By Cyndi Sellers
Hurricane recovery was the main topic of last Thursday’s Cameron Parish Police Jury meeting. The discussion was wide ranging, and a large number of residents were present with questions. Persistent flooding on Pelican Point Road in Grand Lake was brought up by Butch Guidry, and other jurors said they have roads that flood as well. Parish Administrator Katie Armentor said money will become available for road improvements through the Disaster Community Development Block Grant and Hazard Mitigation programs. Public Works Supervisor Emily Mock will make a list of all flood-prone roads for a priority list.
Curtis Fountain asked the staff to pursue getting the state to mitigate state highways in the parish that have been compromised by Laura’s flooding. Armentor said Jury President Sonny McGee and Rep. Ryan Bourriaque had already met with DOTD about the problem and will pursue federal funds for improvements. Some local money might even be used to start the process.
LSU AgCenter Agent Kevin Savoie reported that the Sea Grant program had visited all the boat docks and is making a list of all fishing boats destroyed by Laura. Sea Grant is in the process of trying to find assistance. Agent Bradley Pousson has been working with cattle owners on thier needs. The 4-H program is holding a virtual signup.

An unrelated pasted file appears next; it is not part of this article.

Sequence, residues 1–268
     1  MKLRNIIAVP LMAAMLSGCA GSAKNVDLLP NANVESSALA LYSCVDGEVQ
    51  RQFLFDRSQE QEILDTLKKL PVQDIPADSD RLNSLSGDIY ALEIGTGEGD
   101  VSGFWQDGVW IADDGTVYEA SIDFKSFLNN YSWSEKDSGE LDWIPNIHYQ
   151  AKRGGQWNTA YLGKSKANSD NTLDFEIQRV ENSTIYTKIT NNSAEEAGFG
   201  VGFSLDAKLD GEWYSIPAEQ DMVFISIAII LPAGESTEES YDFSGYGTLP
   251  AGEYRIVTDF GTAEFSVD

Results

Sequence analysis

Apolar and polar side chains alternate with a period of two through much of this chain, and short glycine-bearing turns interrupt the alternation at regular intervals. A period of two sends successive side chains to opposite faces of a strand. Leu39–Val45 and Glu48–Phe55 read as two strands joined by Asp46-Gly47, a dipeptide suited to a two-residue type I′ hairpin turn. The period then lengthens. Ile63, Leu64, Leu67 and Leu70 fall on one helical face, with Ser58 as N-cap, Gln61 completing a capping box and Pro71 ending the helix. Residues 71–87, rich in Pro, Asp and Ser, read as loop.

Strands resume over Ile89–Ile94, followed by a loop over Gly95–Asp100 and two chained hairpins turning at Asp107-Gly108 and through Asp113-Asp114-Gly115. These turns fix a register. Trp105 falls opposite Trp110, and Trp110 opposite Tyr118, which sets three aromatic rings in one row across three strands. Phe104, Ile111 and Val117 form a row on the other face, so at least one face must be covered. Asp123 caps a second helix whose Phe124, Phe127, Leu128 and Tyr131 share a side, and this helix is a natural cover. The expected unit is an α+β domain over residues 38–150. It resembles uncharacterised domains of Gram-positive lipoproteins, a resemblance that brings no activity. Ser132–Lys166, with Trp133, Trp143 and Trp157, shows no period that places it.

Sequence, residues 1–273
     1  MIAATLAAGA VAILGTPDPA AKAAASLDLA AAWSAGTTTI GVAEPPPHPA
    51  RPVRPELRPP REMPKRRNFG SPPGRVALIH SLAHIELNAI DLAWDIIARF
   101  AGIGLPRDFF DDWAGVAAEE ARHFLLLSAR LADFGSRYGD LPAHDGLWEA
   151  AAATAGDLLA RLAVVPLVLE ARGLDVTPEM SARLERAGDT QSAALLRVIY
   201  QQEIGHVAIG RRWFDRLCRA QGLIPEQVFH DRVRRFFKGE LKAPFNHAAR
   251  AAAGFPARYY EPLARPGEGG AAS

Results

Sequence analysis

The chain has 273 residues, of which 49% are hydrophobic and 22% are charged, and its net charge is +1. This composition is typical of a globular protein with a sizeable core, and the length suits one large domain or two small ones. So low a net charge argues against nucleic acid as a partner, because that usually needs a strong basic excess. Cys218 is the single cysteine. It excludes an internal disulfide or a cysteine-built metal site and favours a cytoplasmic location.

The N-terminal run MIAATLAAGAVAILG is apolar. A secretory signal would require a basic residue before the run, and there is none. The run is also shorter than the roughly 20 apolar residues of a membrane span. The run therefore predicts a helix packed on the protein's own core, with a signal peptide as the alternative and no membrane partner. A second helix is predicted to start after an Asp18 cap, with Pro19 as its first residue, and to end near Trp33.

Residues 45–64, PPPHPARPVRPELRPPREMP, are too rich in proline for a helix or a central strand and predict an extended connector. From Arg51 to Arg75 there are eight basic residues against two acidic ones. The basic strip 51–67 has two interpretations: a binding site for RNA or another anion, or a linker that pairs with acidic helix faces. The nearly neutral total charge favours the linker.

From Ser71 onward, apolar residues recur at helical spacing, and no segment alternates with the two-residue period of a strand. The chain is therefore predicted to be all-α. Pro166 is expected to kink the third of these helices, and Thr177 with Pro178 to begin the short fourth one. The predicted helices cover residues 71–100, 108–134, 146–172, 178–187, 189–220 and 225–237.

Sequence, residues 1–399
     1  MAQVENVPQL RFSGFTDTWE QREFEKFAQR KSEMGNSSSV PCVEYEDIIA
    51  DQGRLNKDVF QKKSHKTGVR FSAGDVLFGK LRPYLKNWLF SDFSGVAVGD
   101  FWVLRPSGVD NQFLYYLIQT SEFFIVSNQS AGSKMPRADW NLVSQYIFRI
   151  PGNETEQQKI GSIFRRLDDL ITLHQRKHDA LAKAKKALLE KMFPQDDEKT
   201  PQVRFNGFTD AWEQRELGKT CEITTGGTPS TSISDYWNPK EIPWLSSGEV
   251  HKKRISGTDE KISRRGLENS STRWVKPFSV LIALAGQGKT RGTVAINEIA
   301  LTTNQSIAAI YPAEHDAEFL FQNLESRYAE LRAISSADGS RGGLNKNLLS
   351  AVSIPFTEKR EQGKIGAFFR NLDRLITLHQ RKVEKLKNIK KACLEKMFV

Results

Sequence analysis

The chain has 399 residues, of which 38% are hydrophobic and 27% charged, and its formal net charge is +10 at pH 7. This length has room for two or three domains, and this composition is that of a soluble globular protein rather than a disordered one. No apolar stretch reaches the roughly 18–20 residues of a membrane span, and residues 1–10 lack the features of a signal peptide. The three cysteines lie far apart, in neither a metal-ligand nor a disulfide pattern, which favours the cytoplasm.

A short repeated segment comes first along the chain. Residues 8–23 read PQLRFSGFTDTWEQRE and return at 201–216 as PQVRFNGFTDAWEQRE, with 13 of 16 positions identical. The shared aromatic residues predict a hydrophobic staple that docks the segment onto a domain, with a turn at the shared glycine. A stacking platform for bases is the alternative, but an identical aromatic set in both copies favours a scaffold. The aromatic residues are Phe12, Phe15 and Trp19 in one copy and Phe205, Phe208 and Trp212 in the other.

A Fenstermaker representative reported that the company has begun modeling for the flood prevention project being designed for Little Chenier and Chenier Perdue. These areas often flood from heavy rain events farther to the north.
District Attorney Jennifer Jones suggested that instead of demolishing the old DA’s office, the Parish might consider offering it to the U.S. Post Office for sale or lease. She said the agency is very interested, since the parish seat must have a post office, and this building survived.
She also gave a report on the progress of providing medical services at South Cameron Memorial Hospital. Instead of the DMAT team’s mobile urgent care unit, staffed by the Army, the hospital is installing a Western Shelter tent clinic, staffed by SCMH personnel, and powered by a solar array provided by Tesla. The clinic was supposed to be operational this week, but Hurricane Delta has caused it to be dismantled. It will be returned when the danger is over.
For step two, the hospital plans a temporary emergency room unit composed of several modular units like those the hospital was built with. It will include x-ray, and laboratory capability and at least 10 inpatient beds, as required by federal rules. the temporary ER unit can only operate for two years; after that it must become permanent. The hospital board does not want to build a large a facility as the current one but plans to build higher.
South Cameron Memorial Hospital averaged 1500 patients a year and is funded by a local tax and proceeds from the hospital in Creole and the care unit in Lake Charles. It was built with private donations.